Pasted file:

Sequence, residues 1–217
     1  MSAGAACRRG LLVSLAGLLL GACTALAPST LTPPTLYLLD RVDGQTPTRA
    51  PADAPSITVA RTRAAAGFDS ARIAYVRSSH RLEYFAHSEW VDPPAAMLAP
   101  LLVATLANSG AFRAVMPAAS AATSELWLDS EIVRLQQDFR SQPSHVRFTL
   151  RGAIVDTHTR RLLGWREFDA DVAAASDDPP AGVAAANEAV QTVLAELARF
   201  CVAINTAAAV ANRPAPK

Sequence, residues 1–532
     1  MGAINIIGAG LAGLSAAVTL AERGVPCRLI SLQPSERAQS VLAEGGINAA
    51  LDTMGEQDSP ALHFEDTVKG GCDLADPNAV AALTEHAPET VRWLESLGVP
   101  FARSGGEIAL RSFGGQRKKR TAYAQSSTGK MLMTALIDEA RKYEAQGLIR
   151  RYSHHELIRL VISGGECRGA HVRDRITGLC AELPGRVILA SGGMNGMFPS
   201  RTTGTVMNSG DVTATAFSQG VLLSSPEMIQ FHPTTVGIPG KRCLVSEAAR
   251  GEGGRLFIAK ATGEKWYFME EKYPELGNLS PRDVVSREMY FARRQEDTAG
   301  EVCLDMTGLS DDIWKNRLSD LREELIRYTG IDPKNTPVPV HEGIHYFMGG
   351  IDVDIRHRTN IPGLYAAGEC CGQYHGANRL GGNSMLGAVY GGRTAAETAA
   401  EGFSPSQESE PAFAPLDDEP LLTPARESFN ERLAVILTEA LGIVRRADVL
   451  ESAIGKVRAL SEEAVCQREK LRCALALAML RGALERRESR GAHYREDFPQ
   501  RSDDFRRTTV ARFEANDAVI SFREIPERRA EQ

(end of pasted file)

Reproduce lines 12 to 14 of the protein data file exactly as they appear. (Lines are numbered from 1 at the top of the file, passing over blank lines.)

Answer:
   201  RTTGTVMNSG DVTATAFSQG VLLSSPEMIQ FHPTTVGIPG KRCLVSEAAR
   251  GEGGRLFIAK ATGEKWYFME EKYPELGNLS PRDVVSREMY FARRQEDTAG
   301  EVCLDMTGLS DDIWKNRLSD LREELIRYTG IDPKNTPVPV HEGIHYFMGG